Q&A: Shelina Janmohamed on faith and religion

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Thursday, May 4, 2017 - 12:56

We caught up with Shelina Janmohamed, Vice-President of Ogilvy Noor, a branding and advertising consultancy for building engagement with Muslim audiences and author of Generation M: Young Muslims Changing the World, ahead of For Good or For Ill? How Has Religion Shaped Society this weekend.

Q. Name three things you think faith can contribute to society.

A. For someone who chooses to observe a faith, there is a compelling faith imperative to make things better, not just for oneself, but for everyone. Faith also asks about the greater good, not just the self. Faith focuses beyond the material on the spiritual, and in ever busier lifestyles, having something to centre your inner self is a valuable asset. Faith is, along with serving a Creator, about serving others. It is the enjoyment – even beyond obligation – of serving others that keeps our societies vibrant and healthy.

Q. Life choices and identities can be a challenge to religious teaching. What advice would you give to people struggling to bridge the gap between their religion and life choices?

A. There's a risk that when people become over-enthusiastic about their own faith they can become zealous and impose it on others. One of the best pieces of advice I ever came across is this: ‘Religion is not about controlling others, it is about controlling yourself’. Religion is a way of assessing the world around you and identifying what you feel your place – and therefore your actions – should be within it.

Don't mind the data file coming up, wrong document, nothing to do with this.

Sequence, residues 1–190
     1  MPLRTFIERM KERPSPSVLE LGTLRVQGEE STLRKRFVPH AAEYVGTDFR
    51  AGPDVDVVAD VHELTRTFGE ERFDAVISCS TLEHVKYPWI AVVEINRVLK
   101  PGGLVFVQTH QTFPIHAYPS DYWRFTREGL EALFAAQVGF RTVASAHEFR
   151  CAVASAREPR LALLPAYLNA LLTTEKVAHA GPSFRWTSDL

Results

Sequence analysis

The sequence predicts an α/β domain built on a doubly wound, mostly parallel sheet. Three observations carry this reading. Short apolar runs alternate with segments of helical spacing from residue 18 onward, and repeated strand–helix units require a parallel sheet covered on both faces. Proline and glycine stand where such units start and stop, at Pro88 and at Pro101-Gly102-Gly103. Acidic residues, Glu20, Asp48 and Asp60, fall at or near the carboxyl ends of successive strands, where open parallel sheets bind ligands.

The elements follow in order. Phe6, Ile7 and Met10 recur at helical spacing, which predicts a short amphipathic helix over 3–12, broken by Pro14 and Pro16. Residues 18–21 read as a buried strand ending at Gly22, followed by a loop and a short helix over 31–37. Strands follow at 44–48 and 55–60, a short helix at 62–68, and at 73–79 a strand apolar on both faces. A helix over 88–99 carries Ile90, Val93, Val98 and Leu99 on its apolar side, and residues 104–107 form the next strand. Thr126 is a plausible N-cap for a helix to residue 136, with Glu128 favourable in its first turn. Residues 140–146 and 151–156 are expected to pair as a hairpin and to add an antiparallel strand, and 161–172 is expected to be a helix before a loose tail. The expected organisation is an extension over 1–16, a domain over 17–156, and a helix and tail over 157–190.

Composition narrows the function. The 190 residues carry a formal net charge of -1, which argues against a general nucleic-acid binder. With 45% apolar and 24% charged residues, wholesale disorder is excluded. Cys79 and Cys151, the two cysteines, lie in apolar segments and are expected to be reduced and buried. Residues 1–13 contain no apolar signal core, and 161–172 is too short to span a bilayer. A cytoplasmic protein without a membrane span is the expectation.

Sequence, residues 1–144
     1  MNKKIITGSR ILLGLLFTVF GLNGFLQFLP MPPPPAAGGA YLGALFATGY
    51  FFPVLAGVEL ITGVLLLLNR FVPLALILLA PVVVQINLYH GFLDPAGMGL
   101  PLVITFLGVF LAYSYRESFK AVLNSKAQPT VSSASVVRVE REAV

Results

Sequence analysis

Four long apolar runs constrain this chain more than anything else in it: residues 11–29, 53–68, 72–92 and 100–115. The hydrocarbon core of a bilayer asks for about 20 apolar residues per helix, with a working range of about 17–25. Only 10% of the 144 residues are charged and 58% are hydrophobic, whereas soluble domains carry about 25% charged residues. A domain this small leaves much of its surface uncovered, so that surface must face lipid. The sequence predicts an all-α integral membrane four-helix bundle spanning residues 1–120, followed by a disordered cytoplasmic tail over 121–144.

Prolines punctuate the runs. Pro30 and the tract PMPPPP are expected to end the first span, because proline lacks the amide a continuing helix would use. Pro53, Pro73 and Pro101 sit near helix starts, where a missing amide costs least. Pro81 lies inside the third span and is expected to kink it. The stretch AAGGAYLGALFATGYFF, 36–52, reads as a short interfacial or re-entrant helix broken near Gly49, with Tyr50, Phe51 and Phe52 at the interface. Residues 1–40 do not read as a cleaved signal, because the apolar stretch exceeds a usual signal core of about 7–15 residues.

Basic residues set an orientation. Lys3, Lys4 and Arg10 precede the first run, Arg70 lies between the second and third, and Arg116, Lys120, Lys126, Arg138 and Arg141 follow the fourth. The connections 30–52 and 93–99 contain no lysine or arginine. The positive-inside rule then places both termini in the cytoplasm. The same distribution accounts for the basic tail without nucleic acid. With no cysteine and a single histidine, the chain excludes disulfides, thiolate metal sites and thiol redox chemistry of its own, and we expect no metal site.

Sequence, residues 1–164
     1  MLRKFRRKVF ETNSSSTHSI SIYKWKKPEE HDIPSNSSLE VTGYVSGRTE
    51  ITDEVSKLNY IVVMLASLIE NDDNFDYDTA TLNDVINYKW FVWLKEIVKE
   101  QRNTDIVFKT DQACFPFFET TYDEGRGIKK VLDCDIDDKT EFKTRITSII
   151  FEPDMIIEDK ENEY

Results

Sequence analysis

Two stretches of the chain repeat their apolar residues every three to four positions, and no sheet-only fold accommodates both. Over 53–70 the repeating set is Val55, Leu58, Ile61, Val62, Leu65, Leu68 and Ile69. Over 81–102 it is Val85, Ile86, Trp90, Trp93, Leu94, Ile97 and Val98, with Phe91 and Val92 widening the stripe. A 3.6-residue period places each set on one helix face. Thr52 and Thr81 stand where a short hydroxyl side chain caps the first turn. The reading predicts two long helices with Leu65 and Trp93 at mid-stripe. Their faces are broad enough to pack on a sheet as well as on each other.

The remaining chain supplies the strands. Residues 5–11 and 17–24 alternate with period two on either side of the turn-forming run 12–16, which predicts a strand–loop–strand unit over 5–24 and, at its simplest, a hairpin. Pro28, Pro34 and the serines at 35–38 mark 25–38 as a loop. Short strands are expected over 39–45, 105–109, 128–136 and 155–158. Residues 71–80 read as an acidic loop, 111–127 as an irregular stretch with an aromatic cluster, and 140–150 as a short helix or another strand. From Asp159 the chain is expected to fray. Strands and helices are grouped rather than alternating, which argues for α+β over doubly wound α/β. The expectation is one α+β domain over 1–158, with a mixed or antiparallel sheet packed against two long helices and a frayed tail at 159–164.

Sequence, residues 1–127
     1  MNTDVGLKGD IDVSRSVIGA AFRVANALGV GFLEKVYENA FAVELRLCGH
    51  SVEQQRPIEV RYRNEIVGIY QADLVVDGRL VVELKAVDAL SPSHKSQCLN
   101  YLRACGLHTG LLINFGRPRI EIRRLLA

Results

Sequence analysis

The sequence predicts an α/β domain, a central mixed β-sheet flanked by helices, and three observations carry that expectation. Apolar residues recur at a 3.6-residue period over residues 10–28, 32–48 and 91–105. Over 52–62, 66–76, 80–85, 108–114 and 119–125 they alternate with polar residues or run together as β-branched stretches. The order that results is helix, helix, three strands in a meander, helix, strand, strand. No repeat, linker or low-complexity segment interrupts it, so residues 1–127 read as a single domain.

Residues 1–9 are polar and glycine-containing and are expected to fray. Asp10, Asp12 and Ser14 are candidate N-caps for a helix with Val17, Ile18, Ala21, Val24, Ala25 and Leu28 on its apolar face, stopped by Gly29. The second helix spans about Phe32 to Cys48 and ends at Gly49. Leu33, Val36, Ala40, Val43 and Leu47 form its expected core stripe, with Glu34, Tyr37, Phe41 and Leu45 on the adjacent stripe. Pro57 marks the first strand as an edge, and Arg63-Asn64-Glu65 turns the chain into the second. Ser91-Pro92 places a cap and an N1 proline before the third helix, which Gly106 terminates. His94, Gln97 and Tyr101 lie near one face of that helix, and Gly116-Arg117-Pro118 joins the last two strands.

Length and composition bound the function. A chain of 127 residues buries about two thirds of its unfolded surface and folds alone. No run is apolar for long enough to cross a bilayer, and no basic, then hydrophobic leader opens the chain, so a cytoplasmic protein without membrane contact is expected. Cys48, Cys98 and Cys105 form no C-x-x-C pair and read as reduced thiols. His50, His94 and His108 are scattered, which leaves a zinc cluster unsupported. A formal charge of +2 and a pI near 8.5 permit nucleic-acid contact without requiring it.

Detail of Shelina Janmohamed

Q. Do you think religion has a place in education?

A. Absolutely! We are adamant on things like numeracy and literacy, but we also need spiritual literacy! And the manifestation of that are the world's religions. Our children should absolutely learn spiritual literacy so they can navigate their own emotions and inner needs, but also learn to identify what others are experiencing and what they believe. To do that you need to explore how different religions approach these subjects, and how people live their lives accordingly.

Q. Do you think a more secular world would be a better place?

A. We all continue to struggle to find a way of organising our societies that can fulfil our utopian ideals. What was it Churchill said, about the least worst approaches? The problem with today's secularism is that it no longer lives up to the aspiration to create a neutral space where everyone can shine, but rather is obliterating all difference in the goal of an ideal citizen that only represents one way of being.

Q. How do you think religious leaders should approach speaking out against discrimination and violence committed in the name of a religion?

A. Religious leaders should speak out against all discrimination and violence, bearing witness even against themselves – that is certainly the Islamic imperative.

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